You speak your native language. It is organized in certain ways: the grammar with its subject, verb and object in a certain order; different levels of politeness; and your culture mirrored in this structure as well as in idiom and metaphor. You express yourself in terms of it; you came to yourself through it; in effect, you are it. When you learn another language, you learn a different way to organize reality. When you grow fluent in this new language, you can say and even do things in ways you could not previously; certain new aspects are highlighted, and some things that you originally could more precisely formulate are now missing. Now you express yourself in terms of a different reality, maybe with the verb at the very end of the sentence, maybe with a new sensitivity to season and color; you are different.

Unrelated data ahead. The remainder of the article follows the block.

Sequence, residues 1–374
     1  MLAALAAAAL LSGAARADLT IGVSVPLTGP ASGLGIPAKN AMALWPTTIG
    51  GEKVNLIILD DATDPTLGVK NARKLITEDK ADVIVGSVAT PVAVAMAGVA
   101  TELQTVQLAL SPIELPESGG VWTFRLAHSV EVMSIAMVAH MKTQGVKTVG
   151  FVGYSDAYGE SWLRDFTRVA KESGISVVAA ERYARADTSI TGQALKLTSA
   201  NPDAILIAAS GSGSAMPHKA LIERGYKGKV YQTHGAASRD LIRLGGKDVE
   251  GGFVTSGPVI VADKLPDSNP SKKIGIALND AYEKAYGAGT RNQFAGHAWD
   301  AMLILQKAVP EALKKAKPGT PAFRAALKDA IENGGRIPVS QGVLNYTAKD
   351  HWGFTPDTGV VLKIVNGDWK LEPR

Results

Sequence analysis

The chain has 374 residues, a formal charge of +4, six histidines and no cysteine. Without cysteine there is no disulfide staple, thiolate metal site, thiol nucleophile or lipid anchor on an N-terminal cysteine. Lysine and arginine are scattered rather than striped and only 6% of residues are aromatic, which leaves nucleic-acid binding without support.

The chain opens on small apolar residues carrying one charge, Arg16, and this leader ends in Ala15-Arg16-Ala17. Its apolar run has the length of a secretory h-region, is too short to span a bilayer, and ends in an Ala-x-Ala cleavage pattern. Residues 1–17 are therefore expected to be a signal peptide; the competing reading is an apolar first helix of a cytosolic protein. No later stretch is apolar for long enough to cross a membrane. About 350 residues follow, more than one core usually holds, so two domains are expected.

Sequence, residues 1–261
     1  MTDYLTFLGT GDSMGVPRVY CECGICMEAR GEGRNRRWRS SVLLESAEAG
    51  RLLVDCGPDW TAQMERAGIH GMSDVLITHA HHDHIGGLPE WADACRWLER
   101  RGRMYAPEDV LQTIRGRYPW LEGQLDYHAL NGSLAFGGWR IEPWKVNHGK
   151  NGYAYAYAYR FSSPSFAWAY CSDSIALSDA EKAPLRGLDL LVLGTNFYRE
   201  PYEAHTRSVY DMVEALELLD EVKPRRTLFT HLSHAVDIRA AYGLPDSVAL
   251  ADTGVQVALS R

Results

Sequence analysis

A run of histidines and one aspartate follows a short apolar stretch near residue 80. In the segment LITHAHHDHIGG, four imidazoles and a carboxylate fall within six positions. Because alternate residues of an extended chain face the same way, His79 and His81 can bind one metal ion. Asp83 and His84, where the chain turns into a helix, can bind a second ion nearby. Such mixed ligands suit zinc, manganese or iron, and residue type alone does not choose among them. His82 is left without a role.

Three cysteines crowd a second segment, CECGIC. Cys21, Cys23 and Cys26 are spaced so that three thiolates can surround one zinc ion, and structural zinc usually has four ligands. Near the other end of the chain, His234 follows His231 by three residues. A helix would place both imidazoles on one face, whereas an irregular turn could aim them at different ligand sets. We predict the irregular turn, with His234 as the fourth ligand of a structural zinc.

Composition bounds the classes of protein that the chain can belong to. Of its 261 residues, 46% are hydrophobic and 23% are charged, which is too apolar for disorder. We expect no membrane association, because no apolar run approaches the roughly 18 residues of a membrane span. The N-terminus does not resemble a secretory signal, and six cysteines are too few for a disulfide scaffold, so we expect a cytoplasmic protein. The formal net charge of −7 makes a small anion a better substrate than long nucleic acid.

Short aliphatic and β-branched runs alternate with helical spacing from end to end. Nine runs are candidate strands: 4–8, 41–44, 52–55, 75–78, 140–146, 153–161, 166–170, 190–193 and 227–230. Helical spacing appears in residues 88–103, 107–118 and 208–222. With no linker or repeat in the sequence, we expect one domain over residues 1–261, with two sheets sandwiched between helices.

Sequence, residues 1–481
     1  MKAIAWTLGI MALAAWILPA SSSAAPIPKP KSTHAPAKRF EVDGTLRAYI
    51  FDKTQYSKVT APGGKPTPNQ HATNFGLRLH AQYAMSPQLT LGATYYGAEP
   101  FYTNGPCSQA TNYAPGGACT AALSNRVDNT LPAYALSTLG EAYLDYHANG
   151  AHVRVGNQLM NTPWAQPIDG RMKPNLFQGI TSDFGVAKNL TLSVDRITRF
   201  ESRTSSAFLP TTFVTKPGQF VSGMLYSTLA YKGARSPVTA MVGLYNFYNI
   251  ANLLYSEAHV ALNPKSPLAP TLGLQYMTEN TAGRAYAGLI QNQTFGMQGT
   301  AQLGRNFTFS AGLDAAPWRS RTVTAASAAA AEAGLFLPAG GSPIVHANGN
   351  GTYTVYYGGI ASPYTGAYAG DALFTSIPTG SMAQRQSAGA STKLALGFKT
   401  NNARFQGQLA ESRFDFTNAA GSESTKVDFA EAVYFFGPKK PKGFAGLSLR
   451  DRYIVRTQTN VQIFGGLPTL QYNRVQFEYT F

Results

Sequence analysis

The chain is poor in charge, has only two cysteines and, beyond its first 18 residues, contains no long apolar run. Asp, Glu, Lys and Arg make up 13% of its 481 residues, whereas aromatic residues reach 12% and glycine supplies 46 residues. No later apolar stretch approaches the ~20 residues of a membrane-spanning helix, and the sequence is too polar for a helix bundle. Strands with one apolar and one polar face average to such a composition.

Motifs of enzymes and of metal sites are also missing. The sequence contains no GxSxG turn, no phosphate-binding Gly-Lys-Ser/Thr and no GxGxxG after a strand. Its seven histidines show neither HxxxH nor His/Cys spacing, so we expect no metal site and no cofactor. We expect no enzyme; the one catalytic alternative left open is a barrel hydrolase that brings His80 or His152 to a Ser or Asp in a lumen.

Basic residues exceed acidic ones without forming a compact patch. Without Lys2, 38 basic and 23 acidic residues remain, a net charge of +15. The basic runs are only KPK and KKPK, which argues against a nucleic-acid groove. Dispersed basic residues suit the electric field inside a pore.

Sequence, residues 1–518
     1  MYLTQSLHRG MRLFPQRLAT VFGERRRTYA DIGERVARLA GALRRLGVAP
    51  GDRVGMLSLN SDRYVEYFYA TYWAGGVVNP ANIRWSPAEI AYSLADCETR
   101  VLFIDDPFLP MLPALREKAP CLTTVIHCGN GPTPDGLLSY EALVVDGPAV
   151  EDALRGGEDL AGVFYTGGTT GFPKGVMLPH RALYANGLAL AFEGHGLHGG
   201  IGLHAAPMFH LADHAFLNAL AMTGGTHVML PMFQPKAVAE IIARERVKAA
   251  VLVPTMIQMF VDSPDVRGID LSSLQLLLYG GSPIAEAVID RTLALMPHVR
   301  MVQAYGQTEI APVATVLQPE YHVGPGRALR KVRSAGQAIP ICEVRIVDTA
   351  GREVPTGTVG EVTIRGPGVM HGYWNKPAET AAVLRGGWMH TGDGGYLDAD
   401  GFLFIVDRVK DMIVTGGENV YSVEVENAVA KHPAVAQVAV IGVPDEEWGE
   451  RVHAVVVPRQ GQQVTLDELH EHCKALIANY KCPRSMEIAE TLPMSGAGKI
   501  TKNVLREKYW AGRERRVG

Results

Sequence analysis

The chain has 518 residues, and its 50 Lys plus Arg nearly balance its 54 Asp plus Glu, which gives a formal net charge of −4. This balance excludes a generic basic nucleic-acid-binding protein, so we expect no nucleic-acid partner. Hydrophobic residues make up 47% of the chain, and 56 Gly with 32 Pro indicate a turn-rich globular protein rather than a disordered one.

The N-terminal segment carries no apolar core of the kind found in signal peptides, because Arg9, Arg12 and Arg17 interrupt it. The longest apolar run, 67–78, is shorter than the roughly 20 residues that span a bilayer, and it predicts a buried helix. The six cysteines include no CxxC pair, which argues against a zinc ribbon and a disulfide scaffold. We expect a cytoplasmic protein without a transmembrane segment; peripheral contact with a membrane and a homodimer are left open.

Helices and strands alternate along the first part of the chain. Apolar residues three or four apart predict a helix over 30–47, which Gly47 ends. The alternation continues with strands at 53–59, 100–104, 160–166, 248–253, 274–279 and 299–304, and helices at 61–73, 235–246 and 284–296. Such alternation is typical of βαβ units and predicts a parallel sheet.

As well, it is so with the roles you play in life – child, parent, friend, co-worker, lover: you freely shift from one to another in response to circumstances.
And it is so with anger, joy, hurt, awe, yes, with all the shifts of feeling intertwining language and role.
Who are you? Aren’t you the one who fully manifests each occasion of language, role and feeling?
Aren’t you the nameless, unfettered one who is free to embody this on one occasion and that on another?
Aren’t you the very process of endless, boundless transformation itself?